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Criminal Law and Behavioral Law and Economics: Observations on the Neglected Role of Uncertainty in Deterring Crime

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  • Harel, Alon
  • Segal, Uzi

Abstract

Criminal sanctions are usually public, stable and predictable. In contrast, the practices governing the determination of the probability of detection and conviction reinforce uncertainty. We invoke psychological insights to illustrate that criminals prefer a scheme in which the size of the sentence is uncertain while the probability of detection and conviction is certain. Consequently, the choice to increase certainty with respect to the size of the sentence and to decrease certainty with respect to the probability of detection and conviction can be justified on the grounds that such a scheme is disfavored by criminals and consequently has better deterrent effects.

Suggested Citation

  • Harel, Alon & Segal, Uzi, 1999. "Criminal Law and Behavioral Law and Economics: Observations on the Neglected Role of Uncertainty in Deterring Crime," Berkeley Olin Program in Law & Economics, Working Paper Series qt2gx715nd, Berkeley Olin Program in Law & Economics.
  • Handle: RePEc:cdl:oplwec:qt2gx715nd
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    References listed on IDEAS

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    1. Polinsky, A Mitchell & Shavell, Steven, 1999. "On the Disutility and Discounting of Imprisonment and the Theory of Deterrence," The Journal of Legal Studies, University of Chicago Press, vol. 28(1), pages 1-16, January.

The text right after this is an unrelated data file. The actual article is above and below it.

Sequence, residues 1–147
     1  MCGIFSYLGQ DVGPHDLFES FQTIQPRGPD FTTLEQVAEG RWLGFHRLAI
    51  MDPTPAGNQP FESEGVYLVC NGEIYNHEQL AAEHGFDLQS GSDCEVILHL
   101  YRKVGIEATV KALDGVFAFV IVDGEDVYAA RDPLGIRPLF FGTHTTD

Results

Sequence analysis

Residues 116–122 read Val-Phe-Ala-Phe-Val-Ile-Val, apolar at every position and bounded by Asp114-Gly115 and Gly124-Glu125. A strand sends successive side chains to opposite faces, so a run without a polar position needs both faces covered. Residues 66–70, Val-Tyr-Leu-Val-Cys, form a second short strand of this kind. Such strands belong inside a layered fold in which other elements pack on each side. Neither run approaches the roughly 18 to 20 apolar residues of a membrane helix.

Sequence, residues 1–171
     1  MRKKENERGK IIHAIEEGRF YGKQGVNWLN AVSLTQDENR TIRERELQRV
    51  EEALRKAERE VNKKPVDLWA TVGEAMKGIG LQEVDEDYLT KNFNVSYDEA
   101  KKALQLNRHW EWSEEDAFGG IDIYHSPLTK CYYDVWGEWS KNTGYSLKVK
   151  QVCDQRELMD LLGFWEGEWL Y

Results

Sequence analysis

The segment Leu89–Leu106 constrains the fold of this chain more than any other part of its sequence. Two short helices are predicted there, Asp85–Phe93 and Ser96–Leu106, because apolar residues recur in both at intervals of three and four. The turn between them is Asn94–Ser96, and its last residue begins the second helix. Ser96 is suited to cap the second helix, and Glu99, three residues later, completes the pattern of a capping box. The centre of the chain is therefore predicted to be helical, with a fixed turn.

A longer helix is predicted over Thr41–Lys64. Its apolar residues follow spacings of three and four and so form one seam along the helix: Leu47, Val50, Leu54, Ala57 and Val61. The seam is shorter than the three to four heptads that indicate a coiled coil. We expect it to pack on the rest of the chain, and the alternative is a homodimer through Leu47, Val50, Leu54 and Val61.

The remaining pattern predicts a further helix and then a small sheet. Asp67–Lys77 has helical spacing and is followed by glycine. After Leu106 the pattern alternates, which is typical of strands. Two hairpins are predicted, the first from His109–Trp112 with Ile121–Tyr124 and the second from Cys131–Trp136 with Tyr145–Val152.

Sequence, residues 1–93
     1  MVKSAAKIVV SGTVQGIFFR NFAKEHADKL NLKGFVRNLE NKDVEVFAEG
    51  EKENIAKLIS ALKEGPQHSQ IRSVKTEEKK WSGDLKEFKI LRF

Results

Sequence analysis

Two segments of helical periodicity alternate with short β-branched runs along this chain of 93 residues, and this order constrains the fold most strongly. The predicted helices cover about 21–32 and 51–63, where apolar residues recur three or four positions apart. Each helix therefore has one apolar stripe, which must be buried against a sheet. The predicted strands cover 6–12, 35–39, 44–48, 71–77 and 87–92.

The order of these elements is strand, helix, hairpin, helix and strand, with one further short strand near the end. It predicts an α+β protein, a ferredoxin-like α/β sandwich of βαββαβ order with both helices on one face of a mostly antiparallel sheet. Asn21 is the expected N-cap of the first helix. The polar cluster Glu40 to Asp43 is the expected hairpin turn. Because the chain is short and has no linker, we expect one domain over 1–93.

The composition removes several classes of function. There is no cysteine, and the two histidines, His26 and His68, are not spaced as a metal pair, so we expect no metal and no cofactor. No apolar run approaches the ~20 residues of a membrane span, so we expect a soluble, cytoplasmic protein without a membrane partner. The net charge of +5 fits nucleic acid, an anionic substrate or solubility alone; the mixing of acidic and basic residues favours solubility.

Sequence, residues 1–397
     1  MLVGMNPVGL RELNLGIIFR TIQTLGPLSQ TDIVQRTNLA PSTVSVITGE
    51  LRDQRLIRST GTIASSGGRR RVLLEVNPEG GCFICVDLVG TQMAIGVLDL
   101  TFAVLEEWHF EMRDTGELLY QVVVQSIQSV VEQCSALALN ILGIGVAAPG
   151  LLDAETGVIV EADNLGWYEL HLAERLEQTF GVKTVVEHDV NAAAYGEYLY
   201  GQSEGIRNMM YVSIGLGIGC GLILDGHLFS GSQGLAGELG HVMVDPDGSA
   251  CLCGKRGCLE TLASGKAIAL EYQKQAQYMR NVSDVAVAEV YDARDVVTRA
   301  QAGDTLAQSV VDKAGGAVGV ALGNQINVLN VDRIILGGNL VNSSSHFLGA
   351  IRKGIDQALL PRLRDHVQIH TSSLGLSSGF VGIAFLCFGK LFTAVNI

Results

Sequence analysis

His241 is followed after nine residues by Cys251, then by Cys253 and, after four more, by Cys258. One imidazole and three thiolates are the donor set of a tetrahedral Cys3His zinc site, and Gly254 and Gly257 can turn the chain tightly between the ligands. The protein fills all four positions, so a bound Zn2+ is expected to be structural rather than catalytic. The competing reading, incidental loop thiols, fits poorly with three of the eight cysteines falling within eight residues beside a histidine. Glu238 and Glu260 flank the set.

2. Kahneman, Daniel & Tversky, Amos, 1979. "Prospect Theory: An Analysis of Decision under Risk," Econometrica, Econometric Society, vol. 47(2), pages 263-291, March.
    3. Schmeidler, David, 1989. "Subjective Probability and Expected Utility without Additivity," Econometrica, Econometric Society, vol. 57(3), pages 571-587, May.
    4. Bebchuk, Lucian Arye & Kaplow, Louis, 1993. "Optimal sanctions and differences in individuals' likelihood of avoiding detection," International Review of Law and Economics, Elsevier, vol. 13(2), pages 217-224, June.
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    Cited by:

    1. David Dickinson & E. Glenn Dutcher & Cortney Rodet, 2015. "Observed punishment spillover effects: a laboratory investigation of behavior in a social dilemma," Experimental Economics, Springer;Economic Science Association, vol. 18(1), pages 136-153, March.
    2. Gregory DeAngelo & Gary Charness, 2012. "Deterrence, expected cost, uncertainty and voting: Experimental evidence," Journal of Risk and Uncertainty, Springer, vol. 44(1), pages 73-100, February.
    3. van Winden Frans A.A.M. & Ash Elliott, 2012. "On the Behavioral Economics of Crime," Review of Law & Economics, De Gruyter, vol. 8(1), pages 181-213, June.
    4. Anderson, Lisa R. & DeAngelo, Gregory & Emons, Winand & Freeborn, Beth & Lang, Hannes, 2015. "Penalty Structures and Deterrence in a Two-Stage Model: Experimental Evidence," CEPR Discussion Papers 10576, C.E.P.R. Discussion Papers.
    5. Nuno Garoupa, 2003. "Behavioral Economic Analysis of Crime: A Critical Review," European Journal of Law and Economics, Springer, vol. 15(1), pages 5-15, January.
    6. Dai, Zhixin & Hogarth, Robin M. & Villeval, Marie Claire, 2015. "Ambiguity on audits and cooperation in a public goods game," European Economic Review, Elsevier, vol. 74(C), pages 146-162.
    7. Chiu, W.Henry & Madden, Paul, 2007. "Crime, punishment, and background risks," Journal of Economic Behavior & Organization, Elsevier, vol. 62(4), pages 543-555, April.
    8. repec:bla:ecinqu:v:55:y:2017:i:4:p:1833-1867 is not listed on IDEAS

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